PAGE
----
Let's Not Rush into Cold War II
Some robust rhetoric has been used to condemn Russia's brutally effective invasion of Georgia. Secretary of State Condoleezza Rice compared the act to the Soviet invasion of Czechoslovakia in 1968. Senator John McCain said that the war was an attempt to "establish the Russian Empire," while influential columnist Charles Krauthammer suggested that President Bush send Vladimir Putin a DVD of Charlie Wilson's War. Max Boot, author of the excellent book War Made New, counseled that we immediately send the Georgians Stinger and Javelin missiles. Strong stuff.
In the earnest desire to help a beleaguered ally and perhaps longing for the good old days of Reagan Doctrine moral clarity, conservatives may be losing sight of something important -- namely America's strategic interests. Moreover, their silence in regard to grave failures by our national security establishment in this crisis is bewildering. The results of the Russo-Georgian war are a debacle. Either our State Department, CIA, and the Pentagon failed to accurately assess a likely Russian reaction to an attempt by Georgia to retake South Ossetia by force -- an act that provided Moscow with a pretext to attack Georgia -- or the war caught us completely by surprise. The former possibility is worrisome; the latter is inexcusable.
President Bush should be commended for his very firm but restrained moves to try and end this crisis and in the process salvage Georgia's sovereignty and Mikheil Saakhashvili's position as president of Georgia, both of which were close to being lost, mainly through Saakashvili's own incompetence. Unfortunately, the president does not have much leverage to work with, having been maneuvered into a dispute with Russia at a time and place of Putin's choosing rather than ours -- a game where Putin and Medvedev hold all the good cards and can deal from the bottom of the deck.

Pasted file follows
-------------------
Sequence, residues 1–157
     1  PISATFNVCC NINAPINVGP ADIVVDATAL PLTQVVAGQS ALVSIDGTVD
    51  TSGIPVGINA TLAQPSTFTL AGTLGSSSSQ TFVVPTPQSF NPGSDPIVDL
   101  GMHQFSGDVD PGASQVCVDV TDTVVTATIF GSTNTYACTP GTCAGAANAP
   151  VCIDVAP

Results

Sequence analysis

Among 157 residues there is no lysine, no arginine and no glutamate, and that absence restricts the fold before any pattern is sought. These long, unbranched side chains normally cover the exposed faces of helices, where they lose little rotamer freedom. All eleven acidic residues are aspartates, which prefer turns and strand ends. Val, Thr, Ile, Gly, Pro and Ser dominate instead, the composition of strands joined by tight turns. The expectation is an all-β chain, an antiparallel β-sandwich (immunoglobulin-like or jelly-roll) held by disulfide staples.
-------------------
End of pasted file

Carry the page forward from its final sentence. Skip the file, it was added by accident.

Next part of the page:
Understandably, conservatives are feeling frustrated but the underlying reason for our poor position today is not Putin's malevolent brilliance or even Saakashvili's deficits as a statesman -- which are considerable -- but America's longstanding lack of a strategic policy toward Russia. We have been without sure direction in our relations toward Russia since the critical years of 1991-1993 when we failed to heed the advice of former president Richard Nixon to seize the moment and irrevocably make post-Soviet Russia part of the West.